RewardStyle was born out of Venz Box’s own financial frustrations with her fashion blog, VenzEdits, which she created it in 2010 to promote her Dallas-based personal shopping service. Her website became more popular than she anticipated, but as readers poured in, her clients stopped calling. Why would they pay for her good taste when they could just look at her blog for free? “I would get texts from people saying, ‘Hey, I bought that PS1 bag you posted about. I love it.’ Or, ‘You’re right, those skinny jeans were the best,’” Benz Box recalls. “And I was like, ‘Well, that would have been a hundred-dollar commission.’ It started to add up, and it sucked.”
Venz Box wanted her old business back. “I wished I could tell retailers like Neiman Marcus or Forty Five Ten that this shopper bought that bag and those skinny jeans because I wrote about it on my website,” she says. And so, with the help of her then-boyfriend (and now husband and business partner) Baxter Box, she engineered a platform to close this loop, making blogger-driven purchases trackable so that they could nurture relationships with the brands they liked — and get a portion of the profits they reeled in.
Today, rewardStyle has amassed over $1.6 billion in sales to retail partners, boasts a 78 percent annual growth rate, and negotiates commissions with thousands of brands (including Net-a-Porter, Sephora, Gucci, and West Elm) on behalf of the 11,000 influencers they represent. The commission fees vary, but they’re higher than most other affiliate programs — around 15 percent, on average, according to Venz Box. For some influencers, that can be a primary source of revenue.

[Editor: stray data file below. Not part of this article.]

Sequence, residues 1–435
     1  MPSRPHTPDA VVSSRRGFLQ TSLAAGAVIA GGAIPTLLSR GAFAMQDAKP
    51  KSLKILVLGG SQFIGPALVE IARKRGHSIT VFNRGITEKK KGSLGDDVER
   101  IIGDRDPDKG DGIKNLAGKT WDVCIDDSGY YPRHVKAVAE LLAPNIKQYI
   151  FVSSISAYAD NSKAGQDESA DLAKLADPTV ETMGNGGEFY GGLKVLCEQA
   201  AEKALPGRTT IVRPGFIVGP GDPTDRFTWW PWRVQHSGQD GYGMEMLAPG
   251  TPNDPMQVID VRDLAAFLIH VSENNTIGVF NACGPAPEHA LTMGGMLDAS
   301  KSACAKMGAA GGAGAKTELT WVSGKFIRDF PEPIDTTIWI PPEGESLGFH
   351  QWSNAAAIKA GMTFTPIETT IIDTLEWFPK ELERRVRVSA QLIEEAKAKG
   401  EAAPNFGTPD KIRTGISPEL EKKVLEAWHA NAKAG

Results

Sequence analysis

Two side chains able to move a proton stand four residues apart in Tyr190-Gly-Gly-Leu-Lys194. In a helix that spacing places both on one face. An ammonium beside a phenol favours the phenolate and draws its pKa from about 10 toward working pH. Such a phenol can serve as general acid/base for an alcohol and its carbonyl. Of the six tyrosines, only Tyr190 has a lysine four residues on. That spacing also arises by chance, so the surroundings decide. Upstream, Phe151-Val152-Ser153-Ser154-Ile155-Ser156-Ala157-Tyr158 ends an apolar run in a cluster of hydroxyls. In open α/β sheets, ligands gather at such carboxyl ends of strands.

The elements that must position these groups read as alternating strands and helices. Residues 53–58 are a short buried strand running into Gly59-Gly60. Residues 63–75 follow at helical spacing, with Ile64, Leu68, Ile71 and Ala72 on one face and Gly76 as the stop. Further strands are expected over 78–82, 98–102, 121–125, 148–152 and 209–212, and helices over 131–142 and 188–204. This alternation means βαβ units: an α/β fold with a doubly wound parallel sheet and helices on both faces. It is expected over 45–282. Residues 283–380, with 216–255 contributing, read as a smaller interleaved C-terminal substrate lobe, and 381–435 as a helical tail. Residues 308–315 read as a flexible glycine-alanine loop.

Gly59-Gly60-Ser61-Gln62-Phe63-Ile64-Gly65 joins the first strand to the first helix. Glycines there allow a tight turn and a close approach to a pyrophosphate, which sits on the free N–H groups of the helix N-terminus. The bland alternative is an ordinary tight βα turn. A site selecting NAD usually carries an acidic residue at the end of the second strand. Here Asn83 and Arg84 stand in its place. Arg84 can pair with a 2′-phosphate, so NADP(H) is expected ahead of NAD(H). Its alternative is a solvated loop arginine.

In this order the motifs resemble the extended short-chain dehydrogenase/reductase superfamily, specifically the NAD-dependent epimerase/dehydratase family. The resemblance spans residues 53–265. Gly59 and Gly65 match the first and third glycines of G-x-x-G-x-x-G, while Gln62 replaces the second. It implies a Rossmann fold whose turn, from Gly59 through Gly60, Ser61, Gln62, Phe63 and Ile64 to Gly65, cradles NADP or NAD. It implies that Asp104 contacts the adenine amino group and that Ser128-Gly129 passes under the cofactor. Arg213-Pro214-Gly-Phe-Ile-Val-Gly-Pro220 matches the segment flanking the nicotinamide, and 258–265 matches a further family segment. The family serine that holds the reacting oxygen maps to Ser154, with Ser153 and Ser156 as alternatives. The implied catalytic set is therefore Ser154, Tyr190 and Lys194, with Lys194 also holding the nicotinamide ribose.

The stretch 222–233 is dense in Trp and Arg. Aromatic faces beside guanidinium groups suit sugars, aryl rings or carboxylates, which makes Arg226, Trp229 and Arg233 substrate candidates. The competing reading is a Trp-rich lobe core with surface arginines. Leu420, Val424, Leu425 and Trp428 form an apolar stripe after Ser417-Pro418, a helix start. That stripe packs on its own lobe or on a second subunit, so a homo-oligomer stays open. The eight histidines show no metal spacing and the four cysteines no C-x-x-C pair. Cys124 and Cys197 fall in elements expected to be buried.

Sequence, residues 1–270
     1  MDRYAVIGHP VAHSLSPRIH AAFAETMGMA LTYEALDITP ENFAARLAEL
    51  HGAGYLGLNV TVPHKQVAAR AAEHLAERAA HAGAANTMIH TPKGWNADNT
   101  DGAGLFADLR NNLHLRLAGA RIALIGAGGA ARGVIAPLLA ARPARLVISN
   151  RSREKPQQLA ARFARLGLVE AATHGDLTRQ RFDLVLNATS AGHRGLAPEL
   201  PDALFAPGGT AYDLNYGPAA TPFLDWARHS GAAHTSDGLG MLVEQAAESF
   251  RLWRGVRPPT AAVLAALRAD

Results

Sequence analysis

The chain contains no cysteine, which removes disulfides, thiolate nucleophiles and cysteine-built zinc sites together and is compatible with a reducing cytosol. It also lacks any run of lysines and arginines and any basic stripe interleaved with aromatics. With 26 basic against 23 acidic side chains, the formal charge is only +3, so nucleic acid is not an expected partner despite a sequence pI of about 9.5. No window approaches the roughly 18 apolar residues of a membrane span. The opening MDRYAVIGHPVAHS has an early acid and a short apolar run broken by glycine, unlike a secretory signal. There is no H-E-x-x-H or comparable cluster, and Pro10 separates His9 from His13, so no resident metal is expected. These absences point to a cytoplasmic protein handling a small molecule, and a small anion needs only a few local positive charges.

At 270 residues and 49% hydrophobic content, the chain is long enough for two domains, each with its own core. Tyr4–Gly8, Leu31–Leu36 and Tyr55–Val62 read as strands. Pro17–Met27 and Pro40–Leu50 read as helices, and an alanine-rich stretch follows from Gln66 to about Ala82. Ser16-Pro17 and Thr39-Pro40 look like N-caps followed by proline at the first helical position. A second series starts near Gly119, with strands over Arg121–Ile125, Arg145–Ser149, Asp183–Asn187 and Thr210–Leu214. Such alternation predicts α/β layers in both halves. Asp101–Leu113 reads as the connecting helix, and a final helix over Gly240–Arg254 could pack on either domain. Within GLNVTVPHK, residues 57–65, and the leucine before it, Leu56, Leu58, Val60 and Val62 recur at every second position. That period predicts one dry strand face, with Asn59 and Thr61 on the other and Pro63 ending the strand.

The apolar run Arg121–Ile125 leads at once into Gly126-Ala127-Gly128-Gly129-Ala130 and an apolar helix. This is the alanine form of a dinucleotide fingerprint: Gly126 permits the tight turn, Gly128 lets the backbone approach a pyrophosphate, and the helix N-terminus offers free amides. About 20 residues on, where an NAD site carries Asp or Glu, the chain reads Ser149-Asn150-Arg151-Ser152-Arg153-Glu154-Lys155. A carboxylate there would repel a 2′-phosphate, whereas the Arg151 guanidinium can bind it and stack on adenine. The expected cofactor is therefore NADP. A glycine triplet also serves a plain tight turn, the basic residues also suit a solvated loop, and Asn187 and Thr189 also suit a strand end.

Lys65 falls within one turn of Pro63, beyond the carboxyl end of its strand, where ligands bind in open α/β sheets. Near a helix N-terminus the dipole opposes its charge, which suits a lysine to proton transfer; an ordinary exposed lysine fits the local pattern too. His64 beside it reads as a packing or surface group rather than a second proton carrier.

However, like Afshin and Tripp, most influencers use Instagram to make money from an amalgamation of the above — sponsorships, campaigns, commissions, and/or sales of their own products (books, T-shirts, cakes). But when it comes to drumming up business, there are no rules. “For a budding influencer, it’s key to really engage with the social platforms of the brands you’d like to work with — let them know you exist,” says Parks. “Some of those partnerships come around very organically, because the brand is already aware of you.” Then there’s the slippery element of maintaining “authenticity.” As Afshin puts it, “Our goal is to convert sales, but trust plays a huge role in between. You can’t just sell any blouse, shoe, or handbag. Your followers have to trust you, believe in you, and come back for more.”
“It’s just like any other business,” says Venz Box. “You need to learn about your customer. I think the best influencers know how to relate to people — they’re inspirational, but not perfect.” And then there’s consistency: “You need to get up every morning, publish three to five times a day about things that your audience cares about, and then spend time engaging with your community,” she adds.
After all, that “community” is your paycheck. “The more eyes you can get on your content, the more money you can make,” says Tripp, who devotes a chunk of time every day answering her direct messages on Instagram, usually regarding fashion advice and body positivity. “Answering that many messages can take hours and hours, but I always do everything I can to respond to each one.” And it’s paying off — this past January alone (usually a slower month, coming out of the holidays), she signed $50,000 worth of campaigns. “I was so pleased to see the momentum continuing,” she says. “Despite saturation in the industry, influencer marketing is not slowing down.”